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Benzene-associated Hematoxicity and Carcinogenicity

A series of DCEG occupational and molecular epidemiology studies on benzene exposure in Chinese workers, part of a twenty-year collaboration with the China CDC, led to a seminal report which provided the first direct evidence in humans that benzene harms the progenitor cells that give rise to blood cells, and that benzene causes hematologic effects at or below 1 ppm, particularly among susceptible subpopulations. These findings informed a pivotal 2007 EPA ruling limiting the benzene content in gasoline and adopting controls on passenger vehicles and portable fuel containers in order to significantly reduce emissions of hazardous air pollutants. More recently, the National Research Council of the National Academies recommended, based primarily on the NCI-CDC findings, that the 90 day exposure standard for benzene air levels in U.S. Navy submarines be reduced from 1.0 to 0.2 ppm.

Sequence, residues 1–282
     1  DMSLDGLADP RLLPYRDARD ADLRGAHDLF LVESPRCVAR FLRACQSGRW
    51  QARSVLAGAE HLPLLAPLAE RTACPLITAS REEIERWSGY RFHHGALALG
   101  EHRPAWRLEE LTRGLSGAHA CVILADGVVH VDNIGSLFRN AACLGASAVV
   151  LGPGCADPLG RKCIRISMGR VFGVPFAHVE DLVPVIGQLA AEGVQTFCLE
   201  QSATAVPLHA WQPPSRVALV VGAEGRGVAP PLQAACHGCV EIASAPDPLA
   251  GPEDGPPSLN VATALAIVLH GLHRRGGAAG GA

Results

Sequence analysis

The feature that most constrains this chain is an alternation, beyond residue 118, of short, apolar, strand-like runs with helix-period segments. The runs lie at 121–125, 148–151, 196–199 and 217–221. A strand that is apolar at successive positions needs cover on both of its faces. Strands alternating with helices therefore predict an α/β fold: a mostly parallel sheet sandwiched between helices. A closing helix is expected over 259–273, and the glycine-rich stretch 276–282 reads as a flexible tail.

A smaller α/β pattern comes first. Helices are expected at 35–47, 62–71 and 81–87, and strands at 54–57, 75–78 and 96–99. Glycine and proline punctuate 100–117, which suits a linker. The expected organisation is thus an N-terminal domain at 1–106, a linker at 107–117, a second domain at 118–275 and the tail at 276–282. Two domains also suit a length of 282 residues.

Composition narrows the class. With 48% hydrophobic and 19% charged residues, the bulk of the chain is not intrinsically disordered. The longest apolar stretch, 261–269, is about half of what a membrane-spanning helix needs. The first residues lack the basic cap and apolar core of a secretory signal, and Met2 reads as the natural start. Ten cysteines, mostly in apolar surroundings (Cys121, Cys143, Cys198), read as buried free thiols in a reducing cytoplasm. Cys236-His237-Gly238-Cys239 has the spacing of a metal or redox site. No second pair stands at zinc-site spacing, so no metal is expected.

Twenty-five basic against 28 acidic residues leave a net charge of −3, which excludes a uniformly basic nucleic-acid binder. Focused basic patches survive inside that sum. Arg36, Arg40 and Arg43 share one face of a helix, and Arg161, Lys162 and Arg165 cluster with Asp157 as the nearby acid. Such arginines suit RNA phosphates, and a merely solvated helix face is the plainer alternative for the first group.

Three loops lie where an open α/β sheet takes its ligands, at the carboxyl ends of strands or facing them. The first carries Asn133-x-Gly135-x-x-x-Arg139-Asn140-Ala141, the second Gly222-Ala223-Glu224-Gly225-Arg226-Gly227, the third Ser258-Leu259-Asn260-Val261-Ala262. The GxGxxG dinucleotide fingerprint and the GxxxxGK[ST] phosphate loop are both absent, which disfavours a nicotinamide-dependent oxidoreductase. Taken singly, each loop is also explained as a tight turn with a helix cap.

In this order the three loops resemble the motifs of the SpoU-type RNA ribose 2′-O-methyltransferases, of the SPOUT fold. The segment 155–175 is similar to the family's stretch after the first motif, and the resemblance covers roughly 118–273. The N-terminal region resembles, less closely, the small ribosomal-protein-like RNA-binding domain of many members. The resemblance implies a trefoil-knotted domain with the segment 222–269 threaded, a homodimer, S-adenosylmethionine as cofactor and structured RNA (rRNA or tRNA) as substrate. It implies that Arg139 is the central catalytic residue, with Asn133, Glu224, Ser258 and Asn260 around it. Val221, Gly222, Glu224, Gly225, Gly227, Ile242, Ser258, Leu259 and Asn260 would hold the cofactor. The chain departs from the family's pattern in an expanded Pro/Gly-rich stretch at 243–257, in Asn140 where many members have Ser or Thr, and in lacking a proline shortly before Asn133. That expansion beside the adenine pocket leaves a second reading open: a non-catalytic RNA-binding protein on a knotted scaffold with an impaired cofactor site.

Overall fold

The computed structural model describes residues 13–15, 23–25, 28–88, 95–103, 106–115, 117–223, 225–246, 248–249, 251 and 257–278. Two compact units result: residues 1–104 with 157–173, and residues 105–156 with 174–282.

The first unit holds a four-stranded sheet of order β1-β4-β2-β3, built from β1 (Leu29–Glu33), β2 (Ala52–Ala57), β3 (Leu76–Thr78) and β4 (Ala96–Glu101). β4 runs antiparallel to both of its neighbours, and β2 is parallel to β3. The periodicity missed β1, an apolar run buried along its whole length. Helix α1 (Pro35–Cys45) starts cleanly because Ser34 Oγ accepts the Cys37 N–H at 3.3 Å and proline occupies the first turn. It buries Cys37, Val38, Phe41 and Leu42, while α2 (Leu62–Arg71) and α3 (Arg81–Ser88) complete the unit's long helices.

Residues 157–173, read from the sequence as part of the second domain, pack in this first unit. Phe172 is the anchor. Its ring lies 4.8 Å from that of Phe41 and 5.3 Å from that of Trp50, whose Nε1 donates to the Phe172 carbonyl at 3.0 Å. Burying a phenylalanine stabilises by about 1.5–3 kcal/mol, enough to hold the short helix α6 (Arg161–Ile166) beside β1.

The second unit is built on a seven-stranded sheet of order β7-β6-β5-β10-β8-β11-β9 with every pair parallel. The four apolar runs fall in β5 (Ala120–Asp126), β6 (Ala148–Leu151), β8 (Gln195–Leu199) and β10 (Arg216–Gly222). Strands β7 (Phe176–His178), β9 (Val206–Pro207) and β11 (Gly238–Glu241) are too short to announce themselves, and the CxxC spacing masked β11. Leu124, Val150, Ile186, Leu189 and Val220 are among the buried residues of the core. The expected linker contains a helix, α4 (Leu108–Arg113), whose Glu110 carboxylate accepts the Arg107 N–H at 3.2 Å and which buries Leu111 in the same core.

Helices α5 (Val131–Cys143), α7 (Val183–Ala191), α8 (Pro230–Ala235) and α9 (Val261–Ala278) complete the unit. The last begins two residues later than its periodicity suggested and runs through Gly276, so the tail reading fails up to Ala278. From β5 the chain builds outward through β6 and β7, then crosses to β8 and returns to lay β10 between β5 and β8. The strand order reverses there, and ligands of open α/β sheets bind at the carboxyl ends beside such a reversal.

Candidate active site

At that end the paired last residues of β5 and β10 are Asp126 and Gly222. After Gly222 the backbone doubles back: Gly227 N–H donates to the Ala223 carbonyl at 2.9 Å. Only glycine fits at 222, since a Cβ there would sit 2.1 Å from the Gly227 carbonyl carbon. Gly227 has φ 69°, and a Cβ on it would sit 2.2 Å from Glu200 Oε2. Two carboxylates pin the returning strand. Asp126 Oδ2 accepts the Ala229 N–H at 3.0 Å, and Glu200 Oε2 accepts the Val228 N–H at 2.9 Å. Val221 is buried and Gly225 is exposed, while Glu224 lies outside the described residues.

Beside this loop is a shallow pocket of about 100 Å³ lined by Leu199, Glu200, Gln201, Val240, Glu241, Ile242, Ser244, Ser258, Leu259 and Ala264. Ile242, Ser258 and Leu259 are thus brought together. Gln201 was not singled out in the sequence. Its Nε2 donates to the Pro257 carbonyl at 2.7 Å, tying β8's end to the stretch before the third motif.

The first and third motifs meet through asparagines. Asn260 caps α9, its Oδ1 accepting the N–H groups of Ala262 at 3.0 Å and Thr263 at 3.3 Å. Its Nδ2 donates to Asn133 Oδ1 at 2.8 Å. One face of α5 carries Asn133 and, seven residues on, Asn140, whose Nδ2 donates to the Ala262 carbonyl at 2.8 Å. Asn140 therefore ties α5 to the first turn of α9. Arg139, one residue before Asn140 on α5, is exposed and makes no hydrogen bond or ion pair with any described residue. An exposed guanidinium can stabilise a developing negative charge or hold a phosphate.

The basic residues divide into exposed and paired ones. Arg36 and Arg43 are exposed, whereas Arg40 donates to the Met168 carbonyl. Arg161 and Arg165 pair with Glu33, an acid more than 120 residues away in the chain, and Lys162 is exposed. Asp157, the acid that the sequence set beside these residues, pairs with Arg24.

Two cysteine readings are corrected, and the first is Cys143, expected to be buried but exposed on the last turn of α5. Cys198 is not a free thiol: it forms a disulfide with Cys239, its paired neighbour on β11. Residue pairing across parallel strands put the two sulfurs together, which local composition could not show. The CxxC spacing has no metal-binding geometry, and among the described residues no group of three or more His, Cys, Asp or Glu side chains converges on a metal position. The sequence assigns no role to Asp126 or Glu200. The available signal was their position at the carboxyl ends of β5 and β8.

For more information, contact Dr. Nat Rothman or Dr. Qing Lan.

Occupational and Environmental Epidemiology Branch - Research Areas